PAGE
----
Getting Your Internal House in Order: Quality Audit
For quality management professionals in the life sciences, the word “audit” likely evokes visions of countless hours spent digging through data and documentation to prepare for the auditor’s scrutiny.
This is particularly true for life science manufacturers who rely on manual, paper-based processes for quality management or outdated, on-premise quality management systems (QMS) that lack integration with key systems (e.g., MES, PLM, CRM) and digitization of processes and data.
But it doesn’t have to be this stressful and complex. Companies with cloud-based electronic quality management systems (eQMS) can dramatically reduce life science audit time and improve auditor trust by swiftly accessing and delivering accurate and complete information to demonstrate compliance.
Furthermore, they can perform internal quality audits in alignment with industry standards and guidelines (e.g., ISO 13485, 21 CFR Part 314) to identify and address gaps and potential pitfalls that would derail efforts to satisfy an external auditor.
In part one of this two-part blog post series, we outline steps for conducting a proactive, internal audit to identify opportunities for continuous quality improvement and prepare for an external audit.
3 Steps to a Successful Internal Audit
Step One: Take a holistic approach
When faced with the challenge of demonstrating quality control in R&D, manufacturing, supply chain and other key operational areas, a quality team with largely manual processes is hard pressed to quickly deliver accurate, comprehensive and timely information.
When data is stored in spreadsheets or housed within systems that lack integration, the time and effort required to first find what is needed then patch it together in a meaningful and reportable way will drain any company’s resources.
Before coming under the scrutiny of an audit, switch to a cloud-based eQMS that fully integrates and automates all processes that impact quality and serves as a single repository for digitized quality data and documentation. Apply advanced analytics to uncover insights and generate on-demand reports to meet audit requirements.
Step Two: Establish a Plan
Conducting an internal audit without a detailed plan is like boiling the ocean. A quality management team, especially one in a small-to-midsized life science company, likely doesn’t have the time to manually audit every aspect of operations at once. This task is insurmountable when the team must continue carrying on with its day-to-day responsibilities and tasks alongside the auditing process.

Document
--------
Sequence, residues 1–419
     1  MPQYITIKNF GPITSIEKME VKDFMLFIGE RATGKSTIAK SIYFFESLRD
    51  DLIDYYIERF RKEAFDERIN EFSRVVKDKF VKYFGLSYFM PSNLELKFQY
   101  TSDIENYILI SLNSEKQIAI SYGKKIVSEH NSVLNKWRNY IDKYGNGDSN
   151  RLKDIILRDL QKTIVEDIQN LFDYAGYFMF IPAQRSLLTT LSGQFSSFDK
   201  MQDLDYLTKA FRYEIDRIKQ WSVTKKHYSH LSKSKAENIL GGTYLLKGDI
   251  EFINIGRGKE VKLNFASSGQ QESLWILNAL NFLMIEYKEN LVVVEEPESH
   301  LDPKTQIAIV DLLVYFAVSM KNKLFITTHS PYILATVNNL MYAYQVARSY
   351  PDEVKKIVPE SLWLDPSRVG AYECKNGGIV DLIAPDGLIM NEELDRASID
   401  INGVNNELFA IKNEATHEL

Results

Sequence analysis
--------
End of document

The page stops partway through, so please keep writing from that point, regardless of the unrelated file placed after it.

With a fully-validated cloud eQMS preconfigured to industry best practices and regulations including 21 FDA CFR Part 11, EU GMP Annex 11, ISO 9001, ISO 13485, CFR Part 820, and GMP, a quality team can align its processes to be audit-ready at any time. Advanced audit management capabilities, such as the ability to schedule audits and automate their deployment, enables the quality team to keep on top of audit management with minimal effort. The eQMS system’s generation of electronic audit reports offers actionable insights to guide quality and compliance improvements.
Step 3: Partner with Suppliers
With the life science industry’s heavy reliance on suppliers, a comprehensive internal audit must extend out to the quality of these external parties. It is not enough for a life science manufacturer to assess a supplier’s quality operations at the on-set of the relationships. Suppliers make changes to their products and production processes over time; therefore, a manufacturer must keep on top of these changes and how they impact the quality of their finished product.
With a cloud-based eQMS that integrates suppliers into the company’s overall quality management operations, the quality team can manage, track and collaborate with these parties all in one place on a continuous basis. Built-in audit management capabilities that extend out to suppliers allow the organization to automate workflow, data and records related to supplier audits. Industry based supplier questionnaire templates to gather necessary data on a yearly basis. All of this supports preparedness for internal audits and those conducted by third parties.
Conclusion: Quality Audit
Among life science manufacturers surveyed, 77% said their organization treats digital innovation as a competitive differentiator. Preparing for an audit digitally versus manually paints a clear picture of how a company can not only improve compliance and quality but also gain a competitive edge.
In part two, we focus specifically on the external audit process, offering best practices and success factors for conformance and performance.
Continue reading part 2 – Steps for a Successful Life Sciences Quality Audit – Part 2